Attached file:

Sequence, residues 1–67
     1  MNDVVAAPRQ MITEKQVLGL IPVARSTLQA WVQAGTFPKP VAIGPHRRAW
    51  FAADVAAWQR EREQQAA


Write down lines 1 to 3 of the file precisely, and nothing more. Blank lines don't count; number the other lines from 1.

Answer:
Sequence, residues 1–67
     1  MNDVVAAPRQ MITEKQVLGL IPVARSTLQA WVQAGTFPKP VAIGPHRRAW
    51  FAADVAAWQR EREQQAA